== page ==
Monday, November 15, 2010


I just returned from a month-long trip to China touring with a U.S. law delegation under the Eisenhower Citizen Ambassador Program led by Deborah Enix-Ross of the law firm of Debevoise & Plimpton with 29 participants. We visited Chinese law firms, law schools, seminar forums, and bar associations in Beijing, Xi’an and Shanghai (photo of our law tour delegation which held a joint U.S.-Sino law seminar with the Lixiaohua Law Firm). Including my trip extensions to Hong Kong (SAR) and Shenzhen, China, I visited 10 Chinese law firms in 5 major cities. Meeting Chinese law professionals and seeing the economic development in cities first-hand since my last visit to China 20 years ago, I came away thoroughly impressed with China’s accomplishments to date and with its dynamism and optimism for the future. We Americans need to reset our held-myths about China from 20 years ago and realize that it is a completely different country today. While China’s Government is asserting its increasing strength and elevating stature in economic and foreign policy, it is transforming its domestic institutions to a society based on rule-of-law (under civil code similar to Europe) and free-market principles (tempered by practical controls over social order). China’s economic development in the past 15 years has lifted an estimated 300 million people of its current 1.6 billion population out of poverty, and managed a transition from a predominantly agrarian society to one where 50% of its people now live and work in cities. Whole cities populated in the millions have been built new. China’s goal over the next 15 years is to continue its transformation to a middle-class society, while it works toward a new social order in the world based on sustainable use of resources for needed economic growth. Its biggest challenge will be to continue to adapt its internal political system commensurate with its economic development.

One area providing a useful example of China’s development is in technology and its transformation to a technological society. In preparing for my trip, I came across an article entitled “Five Reasons China Will Rule Tech”, by Ray Kwong, published in Forbes Online, July 13, 2010. He notes that China's leadership places a high priority on educating its upcoming generations in science and engineering. Most of its Politbureau members including President Hu Jintao have engineering degrees. Its science and engineering pool is vast – in 2005 China awarded 351,500 science and engineering degrees, compared to 137,500 in the U.S. It now emphasizes an “indigenous innovation policy” to promote development of Chinese-origin technology while at the same time encouraging transfer of foreign technology and high-level management services to China.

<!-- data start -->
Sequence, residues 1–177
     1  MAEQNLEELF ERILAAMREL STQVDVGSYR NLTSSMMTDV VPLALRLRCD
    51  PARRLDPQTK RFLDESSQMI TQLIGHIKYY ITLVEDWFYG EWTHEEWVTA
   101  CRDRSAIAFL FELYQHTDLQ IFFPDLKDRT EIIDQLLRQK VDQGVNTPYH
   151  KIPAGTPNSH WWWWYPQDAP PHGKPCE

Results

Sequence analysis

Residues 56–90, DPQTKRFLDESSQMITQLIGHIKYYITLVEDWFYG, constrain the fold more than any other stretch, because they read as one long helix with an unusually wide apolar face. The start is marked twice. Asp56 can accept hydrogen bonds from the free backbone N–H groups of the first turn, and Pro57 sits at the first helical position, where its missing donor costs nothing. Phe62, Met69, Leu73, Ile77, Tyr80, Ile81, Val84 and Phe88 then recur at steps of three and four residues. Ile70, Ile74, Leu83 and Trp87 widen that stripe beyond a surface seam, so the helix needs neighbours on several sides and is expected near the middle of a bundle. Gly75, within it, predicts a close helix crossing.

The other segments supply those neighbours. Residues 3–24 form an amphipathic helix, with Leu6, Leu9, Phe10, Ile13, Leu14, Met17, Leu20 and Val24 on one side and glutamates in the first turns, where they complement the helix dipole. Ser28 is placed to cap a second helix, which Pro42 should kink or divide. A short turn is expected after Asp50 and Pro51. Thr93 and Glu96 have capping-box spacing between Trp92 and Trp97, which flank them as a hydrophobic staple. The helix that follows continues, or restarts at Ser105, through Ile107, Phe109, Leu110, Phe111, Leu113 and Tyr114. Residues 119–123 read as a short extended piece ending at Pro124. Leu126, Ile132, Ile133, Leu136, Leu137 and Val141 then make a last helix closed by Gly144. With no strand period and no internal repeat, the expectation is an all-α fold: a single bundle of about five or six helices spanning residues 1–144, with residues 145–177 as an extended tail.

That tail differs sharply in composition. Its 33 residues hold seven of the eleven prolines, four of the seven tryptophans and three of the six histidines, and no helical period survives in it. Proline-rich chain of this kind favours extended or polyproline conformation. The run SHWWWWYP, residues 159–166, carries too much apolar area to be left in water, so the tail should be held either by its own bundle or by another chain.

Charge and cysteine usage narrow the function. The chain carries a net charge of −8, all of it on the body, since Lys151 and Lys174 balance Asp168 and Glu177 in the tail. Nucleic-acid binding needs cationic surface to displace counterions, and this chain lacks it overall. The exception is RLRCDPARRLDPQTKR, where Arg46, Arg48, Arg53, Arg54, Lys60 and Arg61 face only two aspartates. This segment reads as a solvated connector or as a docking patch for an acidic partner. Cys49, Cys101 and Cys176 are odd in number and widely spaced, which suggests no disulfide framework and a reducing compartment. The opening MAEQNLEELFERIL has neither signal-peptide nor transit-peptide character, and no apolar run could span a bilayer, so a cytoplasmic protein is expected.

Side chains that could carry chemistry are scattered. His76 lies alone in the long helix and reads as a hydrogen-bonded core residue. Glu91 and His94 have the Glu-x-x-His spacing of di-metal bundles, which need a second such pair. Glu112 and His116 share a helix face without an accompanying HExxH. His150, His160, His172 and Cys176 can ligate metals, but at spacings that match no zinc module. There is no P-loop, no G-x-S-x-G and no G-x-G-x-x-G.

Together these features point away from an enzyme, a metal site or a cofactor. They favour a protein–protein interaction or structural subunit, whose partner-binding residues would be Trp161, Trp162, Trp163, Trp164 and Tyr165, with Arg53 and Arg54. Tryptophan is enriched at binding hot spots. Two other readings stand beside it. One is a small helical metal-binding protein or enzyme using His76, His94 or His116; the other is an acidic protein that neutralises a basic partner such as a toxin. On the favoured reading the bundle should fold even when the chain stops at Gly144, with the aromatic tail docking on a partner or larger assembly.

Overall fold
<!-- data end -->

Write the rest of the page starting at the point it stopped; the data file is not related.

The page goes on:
U.S. innovation companies are typically small-to-medium sized enterprises (SMEs) lightly capitalized with venture capital. Such SME companies will find it increasingly difficult to compete head-to-head with Chinese companies. As an example, I came across an article entitled “Chinese Solar Giants Cast Shadow on U.S.”, by Todd Woody, Fremont, CA, published in the International Herald Tribune, Business Asia with Reuters, October 14, 2010. The article notes that in competing with Chinese companies, American technology companies are struggling to find niches where they can survive. Silicon Valley start-ups in Clean Energy like Solyndra, Nanosolar, and MiaSole are finding it difficult to make headway in world markets and even in the U.S. against low-cost Chinese manufacturers supported by government investments and favorable trade policies. The article quotes Conrad Burke, CEO of Innovalight, saying, “Innovation will be the heart of the U.S. [survival] strategy, and although it might not create the same scale, we are exporting well-protected technology to China and creating well-paying jobs here”.

In other words, American companies are finding that they can survive by transferring their innovation technology to Chinese companies to manufacture products at China’s low costs. If a joint venture is formed through Hong Kong or Singapore, which have strong rule-of-law systems, the U.S. company can provide licensing of reserved IP rights in China and technology and innovation expertise to optimize products for marketing in China, and earn license royalties or a revenue share of sales in China. The U.S. company can then import the low-cost Chinese-supplied products back into the U.S. and other markets where it retains IP rights for profitable sales of its own.

As outlined in my November 2009 blog article, U.S. technology companies can advantageously transfer or license IP (patent) rights as primary assets in IP-based tech-transfer transactions with Chinese companies according to the following model:

1. U.S. researcher invents a new technology, and applies for IP rights.

2. U.S. innovation company acquires inventor’s IP rights, develops and proves the feasibility of the new technology, and files for patent rights in the U.S., China, and other countries.